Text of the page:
I cannot weep. 135 DESDEMONA Am I that name. madam? How is ’t with you? DESDEMONA I cannot tell. with my lord. IAGO What is the matter. my lord hath so bewhored her. Emilia. DESDEMONA I have none. 2 115 DESDEMONA Who is thy lord? EMILIA He that is yours. Remember. Prithee. very meet. 120 DESDEMONA ’Tis meet I should be used so. nor answers have I none But what should go by water. madam. Those that do teach young babes Do it with gentle means and easy tasks. How have I been behaved that he might stick The small’st opinion on my least misuse? 125 Enter Iago and Emilia. He might have chid me so. tonight Lay on my bed my wedding sheets. lady? 130 EMILIA Alas. Thrown such despite and heavy terms upon her As true hearts cannot bear. EMILIA He called her “whore. LN 2816 DESDEMONA LN 2817 EMILIA LN 2818 LN 2819 LN 2820 LN 2821 LN 2822 LN 2823 LN 2824 LN 2825 LN 2826 LN 2827 LN 2828 LN 2829 LN 2830 LN 2831 LN 2832 LN 2833 LN 2834 LN 2835 LN 2836 LN 2837 LN 2838 LN 2839 LN 2840 LN 2841 LN 2842 LN 2843 ACT 4. Iago. Iago? What name. Do not talk to me. I am a child to chiding. 140 . And call thy husband hither. in good faith. fair IAGO lady? DESDEMONA Such as she said my lord did say I was. SC.201 Othello With who? Why. sweet lady. She exits. IAGO What is your pleasure. EMILIA Here’s a change indeed.” A beggar in his drink Could not have laid such terms upon his callet. for.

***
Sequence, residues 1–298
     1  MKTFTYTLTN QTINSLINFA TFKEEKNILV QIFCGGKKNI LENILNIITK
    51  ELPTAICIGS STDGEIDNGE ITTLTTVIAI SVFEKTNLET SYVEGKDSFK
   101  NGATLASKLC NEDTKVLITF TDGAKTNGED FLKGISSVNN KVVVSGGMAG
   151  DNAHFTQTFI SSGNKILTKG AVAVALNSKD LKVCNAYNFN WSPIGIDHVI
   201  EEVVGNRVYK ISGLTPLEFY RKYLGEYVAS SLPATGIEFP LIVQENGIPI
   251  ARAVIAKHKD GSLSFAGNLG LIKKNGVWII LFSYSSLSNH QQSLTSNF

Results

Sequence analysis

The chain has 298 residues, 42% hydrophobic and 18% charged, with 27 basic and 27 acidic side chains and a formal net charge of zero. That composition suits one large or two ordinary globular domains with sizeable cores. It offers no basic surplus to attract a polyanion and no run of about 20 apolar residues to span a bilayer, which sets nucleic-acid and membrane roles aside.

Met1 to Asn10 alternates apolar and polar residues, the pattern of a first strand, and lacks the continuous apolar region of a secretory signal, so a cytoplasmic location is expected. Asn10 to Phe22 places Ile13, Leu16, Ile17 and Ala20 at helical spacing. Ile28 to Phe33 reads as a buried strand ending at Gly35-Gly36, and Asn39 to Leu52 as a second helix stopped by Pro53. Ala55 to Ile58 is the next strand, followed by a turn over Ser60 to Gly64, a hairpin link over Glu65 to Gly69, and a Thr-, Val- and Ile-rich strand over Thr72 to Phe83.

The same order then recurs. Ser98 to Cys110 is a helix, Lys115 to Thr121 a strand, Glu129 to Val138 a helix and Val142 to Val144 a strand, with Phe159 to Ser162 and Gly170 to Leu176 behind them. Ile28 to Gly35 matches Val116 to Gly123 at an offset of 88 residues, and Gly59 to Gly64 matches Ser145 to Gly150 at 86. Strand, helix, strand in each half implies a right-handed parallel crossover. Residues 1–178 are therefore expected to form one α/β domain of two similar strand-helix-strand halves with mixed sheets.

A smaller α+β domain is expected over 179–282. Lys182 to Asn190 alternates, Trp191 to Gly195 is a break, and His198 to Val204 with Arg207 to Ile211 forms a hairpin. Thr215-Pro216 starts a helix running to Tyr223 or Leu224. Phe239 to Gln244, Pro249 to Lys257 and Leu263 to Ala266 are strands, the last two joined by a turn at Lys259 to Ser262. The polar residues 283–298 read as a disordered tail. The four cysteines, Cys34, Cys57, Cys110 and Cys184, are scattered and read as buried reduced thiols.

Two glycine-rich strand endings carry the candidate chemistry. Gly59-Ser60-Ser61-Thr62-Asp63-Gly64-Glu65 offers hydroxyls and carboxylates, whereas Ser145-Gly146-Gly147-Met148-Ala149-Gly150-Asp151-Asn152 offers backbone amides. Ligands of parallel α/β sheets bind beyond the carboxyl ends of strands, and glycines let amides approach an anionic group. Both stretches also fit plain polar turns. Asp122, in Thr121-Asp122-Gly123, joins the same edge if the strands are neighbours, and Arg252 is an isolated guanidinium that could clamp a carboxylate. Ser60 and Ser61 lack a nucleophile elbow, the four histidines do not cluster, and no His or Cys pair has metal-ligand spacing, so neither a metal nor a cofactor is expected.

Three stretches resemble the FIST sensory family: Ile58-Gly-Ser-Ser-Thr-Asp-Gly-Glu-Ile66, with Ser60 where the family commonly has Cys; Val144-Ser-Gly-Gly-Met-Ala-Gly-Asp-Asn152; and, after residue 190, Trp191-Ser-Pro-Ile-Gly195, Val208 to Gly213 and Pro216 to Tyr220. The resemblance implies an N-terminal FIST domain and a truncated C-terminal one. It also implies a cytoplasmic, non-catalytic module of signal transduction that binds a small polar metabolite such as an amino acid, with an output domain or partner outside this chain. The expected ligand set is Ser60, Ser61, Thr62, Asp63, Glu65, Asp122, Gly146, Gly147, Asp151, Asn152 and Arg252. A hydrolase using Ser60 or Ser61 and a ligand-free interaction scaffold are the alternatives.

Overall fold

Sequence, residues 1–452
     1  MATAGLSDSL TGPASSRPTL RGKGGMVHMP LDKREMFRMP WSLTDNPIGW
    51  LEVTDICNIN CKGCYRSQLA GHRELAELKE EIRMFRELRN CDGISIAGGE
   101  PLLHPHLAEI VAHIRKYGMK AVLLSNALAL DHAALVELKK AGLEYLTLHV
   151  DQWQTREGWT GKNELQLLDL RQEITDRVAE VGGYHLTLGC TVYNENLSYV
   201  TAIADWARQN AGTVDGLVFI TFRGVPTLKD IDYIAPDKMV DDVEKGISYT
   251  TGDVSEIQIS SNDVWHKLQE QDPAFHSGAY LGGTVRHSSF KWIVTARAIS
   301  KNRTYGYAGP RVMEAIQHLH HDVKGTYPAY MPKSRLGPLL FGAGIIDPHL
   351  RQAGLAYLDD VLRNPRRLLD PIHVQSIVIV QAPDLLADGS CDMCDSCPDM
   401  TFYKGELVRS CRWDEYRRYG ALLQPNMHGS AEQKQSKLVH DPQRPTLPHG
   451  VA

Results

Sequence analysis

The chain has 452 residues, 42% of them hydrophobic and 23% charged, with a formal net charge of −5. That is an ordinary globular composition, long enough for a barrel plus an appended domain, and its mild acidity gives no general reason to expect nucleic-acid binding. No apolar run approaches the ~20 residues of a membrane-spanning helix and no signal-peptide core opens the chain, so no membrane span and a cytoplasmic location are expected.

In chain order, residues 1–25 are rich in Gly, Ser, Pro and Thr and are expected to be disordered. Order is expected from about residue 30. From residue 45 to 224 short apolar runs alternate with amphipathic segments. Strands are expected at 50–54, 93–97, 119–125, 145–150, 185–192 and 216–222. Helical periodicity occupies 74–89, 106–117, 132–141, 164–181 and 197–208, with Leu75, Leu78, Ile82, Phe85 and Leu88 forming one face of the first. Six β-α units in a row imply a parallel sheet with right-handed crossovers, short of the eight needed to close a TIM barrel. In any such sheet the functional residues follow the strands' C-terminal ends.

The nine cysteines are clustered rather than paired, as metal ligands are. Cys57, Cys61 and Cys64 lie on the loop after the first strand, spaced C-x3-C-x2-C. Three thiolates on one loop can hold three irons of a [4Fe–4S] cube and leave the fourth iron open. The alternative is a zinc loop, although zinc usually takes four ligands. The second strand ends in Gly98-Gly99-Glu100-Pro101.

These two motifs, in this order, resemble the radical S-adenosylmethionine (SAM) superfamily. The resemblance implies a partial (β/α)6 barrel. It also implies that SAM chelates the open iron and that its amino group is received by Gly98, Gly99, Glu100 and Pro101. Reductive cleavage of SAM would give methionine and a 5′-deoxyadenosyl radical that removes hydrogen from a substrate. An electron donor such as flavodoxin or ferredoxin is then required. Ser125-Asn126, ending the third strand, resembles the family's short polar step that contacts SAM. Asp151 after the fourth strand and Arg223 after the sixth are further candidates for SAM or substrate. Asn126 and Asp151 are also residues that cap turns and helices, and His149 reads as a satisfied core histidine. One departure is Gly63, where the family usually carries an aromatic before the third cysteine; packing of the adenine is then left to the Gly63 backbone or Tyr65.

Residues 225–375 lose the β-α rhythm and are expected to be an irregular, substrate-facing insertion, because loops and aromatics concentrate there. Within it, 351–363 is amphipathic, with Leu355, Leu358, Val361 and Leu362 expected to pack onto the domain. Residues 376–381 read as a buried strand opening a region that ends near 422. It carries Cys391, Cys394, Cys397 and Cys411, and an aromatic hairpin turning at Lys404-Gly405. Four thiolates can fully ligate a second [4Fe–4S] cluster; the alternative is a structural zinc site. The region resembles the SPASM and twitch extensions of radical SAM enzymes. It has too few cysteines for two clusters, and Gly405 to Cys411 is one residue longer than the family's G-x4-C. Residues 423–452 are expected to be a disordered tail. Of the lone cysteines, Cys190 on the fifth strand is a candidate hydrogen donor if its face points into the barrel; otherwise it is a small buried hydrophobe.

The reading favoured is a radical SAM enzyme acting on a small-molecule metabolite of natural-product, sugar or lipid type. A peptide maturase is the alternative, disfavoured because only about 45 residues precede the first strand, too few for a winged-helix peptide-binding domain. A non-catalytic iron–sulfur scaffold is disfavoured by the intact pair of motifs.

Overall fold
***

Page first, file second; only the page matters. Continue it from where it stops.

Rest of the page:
there is no such man.LN 2844 LN 2845 LN 2846 LN 2847 LN 2848 LN 2849 LN 2850 LN 2851 LN 2852 LN 2853 LN 2854 LN 2855 LN 2856 LN 2857 LN 2858 LN 2859 LN 2860 LN 2861 LN 2862 LN 2863 LN 2864 LN 2865 LN 2866 LN 2867 LN 2868 LN 2869 LN 2870 LN 2871 203 IAGO Othello ACT 4. IAGO Do not weep. Even from the east to th’ west! IAGO Speak within door. and hell gnaw his bones! Why should he call her “whore”? Who keeps her company? What place? What time? What form? What likelihood? The Moor’s abused by some most villainous knave. that such companions thou ’dst unfold. heaven doth know. Some base notorious knave. EMILIA A halter pardon him. And put in every honest hand a whip To lash the rascals naked through the world. EMILIA I will be hanged if some eternal villain. cozening slave. 155 IAGO Fie. Some busy and insinuating rogue. do not weep! Alas the day! 145 EMILIA Hath she forsook so many noble matches. Her father and her country and her friends. to get some office. I will be hanged else. Have not devised this slander. It is impossible. 2 Why did he so? DESDEMONA I do not know. SC. 150 IAGO Beshrew him for ’t! How comes this trick upon him? DESDEMONA Nay. 160 165 170 . O heaven. Some cogging. some scurvy fellow. I am sure I am none such. DESDEMONA If any such there be. heaven pardon him. To be called “whore”? Would it not make one weep? DESDEMONA It is my wretched fortune.